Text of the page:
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Are We Overusing Antibiotics and Antibacterial Products?

The problem of antibiotic-resistant bacteria has troubled the modern world since the advent of mass-produced penicillin around 1943. After only a few years, bacteria that were resistant to treatment with penicillin arrived on the scene. The more freely doctors used penicillin, the more prevalent the resistant bacteria seemed to become.

But it's not that antibiotics create or cause antibacterial resistance. Rather, the overuse of antibiotics favors the proliferation of the stronger microorganisms that already exist, such as antibiotic-resistant staph, TB, and pneumonia bacteria. Staph infections are mentioned frequently in the news these days. Antibiotic-resistant staph bacteria take a deadly toll on patients in hospitals and elsewhere.

Organisms with characteristics that enable them to better survive in an environment will reproduce more often and therefore become more numerous than weaker individuals of the same species. This applies to small animals like bacteria as well as to large animals like humans. So, when people use antibiotics, they create an environment that kills off bacteria that are unprotected against the antibiotics, while bacteria that are resistant remain to reproduce. Because of this basic process, the FDA reports that the use of antibiotics will inevitably lead to a world with more antibiotic-resistant organisms.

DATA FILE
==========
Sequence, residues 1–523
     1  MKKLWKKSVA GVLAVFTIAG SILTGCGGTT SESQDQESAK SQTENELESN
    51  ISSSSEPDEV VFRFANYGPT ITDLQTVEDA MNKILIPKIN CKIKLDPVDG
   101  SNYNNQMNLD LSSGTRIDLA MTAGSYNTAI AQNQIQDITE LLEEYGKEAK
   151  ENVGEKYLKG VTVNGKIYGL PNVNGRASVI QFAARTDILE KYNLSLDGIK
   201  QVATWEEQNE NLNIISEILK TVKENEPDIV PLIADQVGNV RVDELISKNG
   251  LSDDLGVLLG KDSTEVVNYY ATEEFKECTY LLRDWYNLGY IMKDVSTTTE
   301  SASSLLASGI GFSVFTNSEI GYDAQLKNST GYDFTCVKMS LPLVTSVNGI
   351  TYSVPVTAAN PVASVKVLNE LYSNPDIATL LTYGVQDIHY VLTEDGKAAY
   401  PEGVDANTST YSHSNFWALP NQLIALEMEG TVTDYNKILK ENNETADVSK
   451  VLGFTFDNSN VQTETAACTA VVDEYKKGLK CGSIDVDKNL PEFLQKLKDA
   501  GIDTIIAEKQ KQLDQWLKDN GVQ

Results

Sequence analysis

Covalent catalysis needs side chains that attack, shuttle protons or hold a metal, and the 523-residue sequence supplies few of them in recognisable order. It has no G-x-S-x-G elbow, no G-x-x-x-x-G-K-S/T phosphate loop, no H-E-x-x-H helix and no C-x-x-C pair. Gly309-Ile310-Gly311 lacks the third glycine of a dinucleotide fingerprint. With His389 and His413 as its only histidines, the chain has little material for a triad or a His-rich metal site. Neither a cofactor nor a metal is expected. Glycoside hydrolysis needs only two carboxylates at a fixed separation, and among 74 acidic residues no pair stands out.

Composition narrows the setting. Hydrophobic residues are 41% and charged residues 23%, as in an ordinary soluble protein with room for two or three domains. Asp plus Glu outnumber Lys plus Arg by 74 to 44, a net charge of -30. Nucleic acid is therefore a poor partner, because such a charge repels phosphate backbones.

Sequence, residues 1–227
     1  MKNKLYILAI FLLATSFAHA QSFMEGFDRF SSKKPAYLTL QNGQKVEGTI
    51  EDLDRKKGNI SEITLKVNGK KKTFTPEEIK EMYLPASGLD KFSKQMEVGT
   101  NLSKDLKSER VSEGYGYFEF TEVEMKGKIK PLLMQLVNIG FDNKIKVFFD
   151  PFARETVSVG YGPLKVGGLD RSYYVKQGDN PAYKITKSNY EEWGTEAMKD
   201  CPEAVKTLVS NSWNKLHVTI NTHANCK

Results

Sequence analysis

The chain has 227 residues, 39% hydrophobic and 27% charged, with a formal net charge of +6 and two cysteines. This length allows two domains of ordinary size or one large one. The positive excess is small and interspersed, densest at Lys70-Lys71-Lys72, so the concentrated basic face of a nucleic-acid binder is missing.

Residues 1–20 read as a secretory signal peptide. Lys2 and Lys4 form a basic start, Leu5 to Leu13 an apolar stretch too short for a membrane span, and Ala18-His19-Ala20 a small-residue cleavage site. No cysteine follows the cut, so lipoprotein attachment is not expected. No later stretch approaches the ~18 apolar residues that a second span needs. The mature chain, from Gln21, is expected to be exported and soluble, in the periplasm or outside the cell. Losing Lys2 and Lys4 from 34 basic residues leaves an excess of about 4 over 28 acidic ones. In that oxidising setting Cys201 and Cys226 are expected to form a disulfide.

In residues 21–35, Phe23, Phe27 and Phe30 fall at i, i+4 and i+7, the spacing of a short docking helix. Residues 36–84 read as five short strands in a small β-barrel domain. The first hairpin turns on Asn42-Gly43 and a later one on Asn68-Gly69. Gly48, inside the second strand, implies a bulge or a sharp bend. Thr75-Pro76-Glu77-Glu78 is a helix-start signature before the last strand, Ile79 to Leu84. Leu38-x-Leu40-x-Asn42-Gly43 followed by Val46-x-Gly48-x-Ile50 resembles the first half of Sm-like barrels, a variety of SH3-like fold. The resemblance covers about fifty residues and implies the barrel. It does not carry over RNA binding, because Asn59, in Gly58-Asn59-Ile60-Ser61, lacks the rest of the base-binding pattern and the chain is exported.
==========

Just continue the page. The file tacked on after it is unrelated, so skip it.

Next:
This does not mean that no one should ever be treated with antibiotics. If no one ever used antibiotics, antibiotic-resistant bacteria would be less common. However, "normal" bacteria, left untreated, can be just as dangerous to an infected child as antibiotic-resistant bacteria. In the first case, the child may become extremely sick or die if someone doesn't kill the bacteria with antibiotics, and in the second case, the child may become extremely sick or die because someone can't kill the bacteria with antibiotics.

The point is that the more sparingly we use antibiotics, and the more careful we are about using them properly, the longer we'll be able to use them. We can slow down the growth of antibiotic-resistant bacteria by slowing down the use of antibiotics. Many parents expect a pediatrician to prescribe antibiotics for their child whenever he gets a bad cold or the flu, but these bugs are generally caused by viruses, which antibiotics can't kill. The best thing to do is to trust your family doctor to know when antibiotics are needed. The CDC notes that studies have found that doctors often give in to patients' demands for antibiotics even when they're not necessary. Also, when your doctor does give antibiotics to you or your family, make sure you follow her instructions exactly. Skipping or delaying doses can prevent the antibiotic from working properly and killing all of the bacteria.

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